Stanford University Researchers Find Black Taxpayers 3-5 Times Likelier to Be Audited By the IRS

Black Taxpayers Most Likely to be Audited by IRS

Black taxpayers have a 2.9 to 4.7 times greater chance at being audited by the IRS despite the agency’s “race-blind audit selection.” Stanford University’s Institute for Economic Policy Research combed through IRS data and published a paper that found despite the disproportionally higher audit rates, the disparity is not the result of any single group evading taxes than another. They found that it’s likely the result of the IRS computer algorithms that select taxpayers to be audited.

The study identified that the largest disparity between the groups was among taxpayers claiming the earned income tax credit (EITC), which helps low- to moderate-income workers and families get a tax break.

According to The Hill, Rep. Richard Neal, a ranking Democrat on the House Ways and Means Committee said the study makes it clear that the committee’s Racial Equity Initiative should address “discrimination at the IRS.” The initiative was started by Neal in 2021 to address discrimination in healthcare and economic policy.

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“For years, Ways and Means Democrats have raised alarms over audit rate disparities between low-income and wealthy taxpayers, and today’s findings confirm that stark racial disparities exist as well,” he said in a statement responding to the report.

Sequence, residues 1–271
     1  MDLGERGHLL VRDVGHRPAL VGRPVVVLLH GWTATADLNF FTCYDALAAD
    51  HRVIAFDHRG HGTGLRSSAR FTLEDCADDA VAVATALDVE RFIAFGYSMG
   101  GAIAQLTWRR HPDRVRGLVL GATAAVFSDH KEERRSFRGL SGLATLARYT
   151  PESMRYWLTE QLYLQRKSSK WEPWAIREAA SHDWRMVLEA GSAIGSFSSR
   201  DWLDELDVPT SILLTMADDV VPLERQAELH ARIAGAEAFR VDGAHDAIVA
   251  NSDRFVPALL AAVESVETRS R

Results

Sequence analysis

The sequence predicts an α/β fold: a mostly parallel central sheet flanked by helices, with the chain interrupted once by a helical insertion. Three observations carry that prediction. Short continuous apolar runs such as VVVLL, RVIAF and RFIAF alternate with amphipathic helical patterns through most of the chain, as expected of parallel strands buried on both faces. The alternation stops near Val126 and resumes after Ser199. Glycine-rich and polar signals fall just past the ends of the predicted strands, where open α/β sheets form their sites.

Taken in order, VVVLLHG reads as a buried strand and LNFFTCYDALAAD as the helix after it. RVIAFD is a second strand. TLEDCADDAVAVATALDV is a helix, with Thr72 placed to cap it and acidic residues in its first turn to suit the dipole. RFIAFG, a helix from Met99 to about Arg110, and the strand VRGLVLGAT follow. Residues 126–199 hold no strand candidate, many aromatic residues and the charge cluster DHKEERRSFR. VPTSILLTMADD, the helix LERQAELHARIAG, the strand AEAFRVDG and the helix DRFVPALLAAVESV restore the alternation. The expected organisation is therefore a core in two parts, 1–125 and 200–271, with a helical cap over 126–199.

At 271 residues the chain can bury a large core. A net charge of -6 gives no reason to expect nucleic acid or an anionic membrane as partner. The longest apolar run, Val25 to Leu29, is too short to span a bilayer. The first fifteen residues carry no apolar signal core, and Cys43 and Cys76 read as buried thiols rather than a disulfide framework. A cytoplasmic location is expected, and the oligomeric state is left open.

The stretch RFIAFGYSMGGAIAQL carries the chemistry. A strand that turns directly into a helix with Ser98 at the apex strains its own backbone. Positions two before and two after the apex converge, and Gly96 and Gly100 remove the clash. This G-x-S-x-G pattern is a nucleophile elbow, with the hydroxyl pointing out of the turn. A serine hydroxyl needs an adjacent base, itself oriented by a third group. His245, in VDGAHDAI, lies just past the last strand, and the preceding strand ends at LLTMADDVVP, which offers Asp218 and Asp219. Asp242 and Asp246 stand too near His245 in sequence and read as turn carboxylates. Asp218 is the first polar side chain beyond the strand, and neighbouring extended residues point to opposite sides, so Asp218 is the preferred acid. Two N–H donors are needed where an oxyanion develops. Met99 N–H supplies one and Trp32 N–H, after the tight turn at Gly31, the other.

A co-author of the study, Daniel E. Ho, is a law professor and a Senior Fellow at the Stanford Institute for Economic Policy Research. He told that while the paper doesn’t offer any advice to taxpayers it’s not without helpful information to the IRS, "We show that there is a lot the IRS can do to mitigate these disparities. Our evidence shows that treating adjustments from EITC the same as other forms of tax evasion and focusing on high dollar claims would make a big difference."

According to the research, Black taxpayers make up 21 percent of nonbusiness EITC returns as opposed to 11 percent of business EITC filings, which could help explain why they are audited more frequently than other taxpayer categories. The algorithm's preference for overclaiming refundable credits, which may be more common in one group than another, could also contribute to the imbalance.

Ho said that the Treasury and IRS are aware of the paper’s findings. Deputy Treasury Secretary Wally Adeyemo issued this statement in the fall explaining, “Historic challenges and underfunding have led to audit rates for those at the top of the distribution decreasing more than the correspondence audits of those at the bottom in the last decade, which should change.”

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